Hitherto every form of society has been based, as we have already seen, on the antagonism of oppressing and oppressed classes. But in order to oppress a class certain conditions must be assured to it under which it can, at least, continue its slavish existence. The serf, in the period of serfdom, raised himself to membership in the commune, just as the petty bourgeois, under the yoke of feudal absolutism, managed to develop into a bourgeois. The modern laborer, on the contrary, instead of rising with the progress of industry, sinks deeper and deeper below the conditions of existence of his own class. He becomes a pauper, and pauperism develops more rapidly than population and wealth. And here it becomes evident that the bourgeoisie is unfit any longer to be the ruling class in society and to impose its conditions of existence upon society as an over-riding law. It is unfit to rule because it is incompetent to assure an existence to its slave within his slavery, because it cannot help letting him sink into such a state that it has to feed him instead of being fed by him. Society can no longer live under this bourgeoisie; in other words, its existence is no longer compatible with society.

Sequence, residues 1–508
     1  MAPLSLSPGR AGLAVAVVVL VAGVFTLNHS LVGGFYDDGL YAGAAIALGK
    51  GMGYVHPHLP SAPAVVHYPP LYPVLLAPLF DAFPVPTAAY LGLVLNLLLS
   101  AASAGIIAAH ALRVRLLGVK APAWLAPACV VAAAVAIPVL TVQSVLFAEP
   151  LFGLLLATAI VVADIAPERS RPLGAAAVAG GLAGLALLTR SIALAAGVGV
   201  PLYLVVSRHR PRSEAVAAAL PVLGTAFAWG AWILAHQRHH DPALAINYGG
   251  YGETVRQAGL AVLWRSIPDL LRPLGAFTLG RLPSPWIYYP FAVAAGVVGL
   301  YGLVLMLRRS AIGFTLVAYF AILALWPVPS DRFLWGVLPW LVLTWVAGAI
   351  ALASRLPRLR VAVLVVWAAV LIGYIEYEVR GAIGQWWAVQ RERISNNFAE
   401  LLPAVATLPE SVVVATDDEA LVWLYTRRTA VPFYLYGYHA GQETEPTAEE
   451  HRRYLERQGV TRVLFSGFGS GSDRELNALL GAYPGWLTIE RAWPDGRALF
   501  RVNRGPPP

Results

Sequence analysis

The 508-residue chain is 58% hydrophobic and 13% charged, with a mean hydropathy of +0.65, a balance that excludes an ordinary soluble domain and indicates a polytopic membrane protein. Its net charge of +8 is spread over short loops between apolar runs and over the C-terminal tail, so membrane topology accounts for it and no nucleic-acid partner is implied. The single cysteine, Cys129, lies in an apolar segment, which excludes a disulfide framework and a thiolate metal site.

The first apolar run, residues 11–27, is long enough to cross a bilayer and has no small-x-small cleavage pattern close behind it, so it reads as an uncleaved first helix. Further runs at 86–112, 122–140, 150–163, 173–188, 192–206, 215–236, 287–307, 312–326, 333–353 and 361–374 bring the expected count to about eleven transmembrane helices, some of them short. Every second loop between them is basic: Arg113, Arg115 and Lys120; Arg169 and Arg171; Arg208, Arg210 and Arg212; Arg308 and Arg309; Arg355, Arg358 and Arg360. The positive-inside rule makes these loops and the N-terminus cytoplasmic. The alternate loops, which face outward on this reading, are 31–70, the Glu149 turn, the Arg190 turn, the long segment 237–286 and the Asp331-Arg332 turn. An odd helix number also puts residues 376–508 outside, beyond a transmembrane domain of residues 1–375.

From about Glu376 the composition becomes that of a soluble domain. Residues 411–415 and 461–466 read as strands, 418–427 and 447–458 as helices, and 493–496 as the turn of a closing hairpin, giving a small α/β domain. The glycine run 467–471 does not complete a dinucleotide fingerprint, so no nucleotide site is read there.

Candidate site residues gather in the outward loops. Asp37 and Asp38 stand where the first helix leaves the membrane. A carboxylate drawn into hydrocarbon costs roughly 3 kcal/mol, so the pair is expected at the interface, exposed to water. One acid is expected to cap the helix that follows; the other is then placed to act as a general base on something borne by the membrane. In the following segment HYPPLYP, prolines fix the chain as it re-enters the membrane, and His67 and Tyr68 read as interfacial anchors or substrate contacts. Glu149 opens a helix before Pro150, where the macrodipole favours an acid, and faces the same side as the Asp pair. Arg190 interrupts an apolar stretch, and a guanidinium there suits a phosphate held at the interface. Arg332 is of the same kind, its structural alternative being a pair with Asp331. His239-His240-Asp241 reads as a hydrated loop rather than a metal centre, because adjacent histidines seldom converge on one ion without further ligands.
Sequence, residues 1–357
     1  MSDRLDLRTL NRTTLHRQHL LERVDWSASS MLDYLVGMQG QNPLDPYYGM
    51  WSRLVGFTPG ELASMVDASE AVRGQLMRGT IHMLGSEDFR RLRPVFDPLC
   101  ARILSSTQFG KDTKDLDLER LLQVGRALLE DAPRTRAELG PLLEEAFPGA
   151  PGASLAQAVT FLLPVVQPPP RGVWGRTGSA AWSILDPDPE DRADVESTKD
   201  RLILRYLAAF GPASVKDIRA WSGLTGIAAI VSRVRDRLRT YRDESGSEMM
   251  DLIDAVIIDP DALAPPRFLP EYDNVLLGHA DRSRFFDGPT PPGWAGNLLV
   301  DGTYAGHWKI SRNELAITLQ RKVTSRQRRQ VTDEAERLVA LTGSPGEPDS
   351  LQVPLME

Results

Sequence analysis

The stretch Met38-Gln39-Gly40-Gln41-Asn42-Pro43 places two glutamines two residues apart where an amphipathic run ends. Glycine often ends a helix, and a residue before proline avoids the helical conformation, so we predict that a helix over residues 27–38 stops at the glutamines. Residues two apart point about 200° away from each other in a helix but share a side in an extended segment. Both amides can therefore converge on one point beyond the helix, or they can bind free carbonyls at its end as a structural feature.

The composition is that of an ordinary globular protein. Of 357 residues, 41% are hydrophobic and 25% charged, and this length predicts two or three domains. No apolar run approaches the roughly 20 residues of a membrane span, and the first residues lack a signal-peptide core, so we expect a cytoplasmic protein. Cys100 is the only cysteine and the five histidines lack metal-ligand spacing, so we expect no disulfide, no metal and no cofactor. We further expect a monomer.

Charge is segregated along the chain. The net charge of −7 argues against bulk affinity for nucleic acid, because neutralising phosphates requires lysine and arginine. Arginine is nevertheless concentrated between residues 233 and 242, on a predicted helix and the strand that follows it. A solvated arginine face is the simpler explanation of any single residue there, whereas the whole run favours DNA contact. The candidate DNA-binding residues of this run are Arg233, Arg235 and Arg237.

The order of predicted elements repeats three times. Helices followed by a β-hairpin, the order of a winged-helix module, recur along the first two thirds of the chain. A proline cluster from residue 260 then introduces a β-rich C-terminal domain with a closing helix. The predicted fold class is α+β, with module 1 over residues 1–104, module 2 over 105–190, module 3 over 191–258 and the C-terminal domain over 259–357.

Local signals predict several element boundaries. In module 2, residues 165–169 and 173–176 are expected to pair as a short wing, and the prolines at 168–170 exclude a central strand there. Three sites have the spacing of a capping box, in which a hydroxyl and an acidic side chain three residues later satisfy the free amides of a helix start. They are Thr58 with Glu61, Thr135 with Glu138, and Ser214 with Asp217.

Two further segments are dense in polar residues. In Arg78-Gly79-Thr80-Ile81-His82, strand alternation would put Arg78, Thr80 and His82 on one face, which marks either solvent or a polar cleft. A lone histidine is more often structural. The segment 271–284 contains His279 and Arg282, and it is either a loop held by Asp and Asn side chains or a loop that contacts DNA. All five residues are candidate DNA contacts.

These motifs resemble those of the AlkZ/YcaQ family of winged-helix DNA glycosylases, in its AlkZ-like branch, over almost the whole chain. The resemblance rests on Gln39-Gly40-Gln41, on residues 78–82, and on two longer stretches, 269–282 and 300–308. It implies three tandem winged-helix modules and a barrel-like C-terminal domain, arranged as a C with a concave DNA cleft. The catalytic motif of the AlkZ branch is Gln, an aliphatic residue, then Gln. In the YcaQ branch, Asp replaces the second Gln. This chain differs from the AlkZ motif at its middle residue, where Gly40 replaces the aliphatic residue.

The essential condition for the existence, and for the sway of the bourgeois class, is the formation and augmentation of capital; the condition for capital is wage-labor. Wage-labor rests exclusively on competition between the laborers. The advance of industry, whose involuntary promoter is the bourgeoisie, replaces the isolation of the laborers, due to competition, by their revolutionary combination, due to association. The development of modern industry, therefore, cuts from under its feet the very foundation on which the bourgeoisie produces and appropriates products. What the bourgeoisie therefore produces, above all, are its own grave diggers. Its fall and the victory of the proletariat are equally inevitable.
(a) By bourgeoisie is meant the class of modern Capitalists, owners of the means of social production and employers of wage-labor. By proletariat, the class of modern wage-laborers who, having no means of production of their own, are reduced to selling their labor-power in order to live.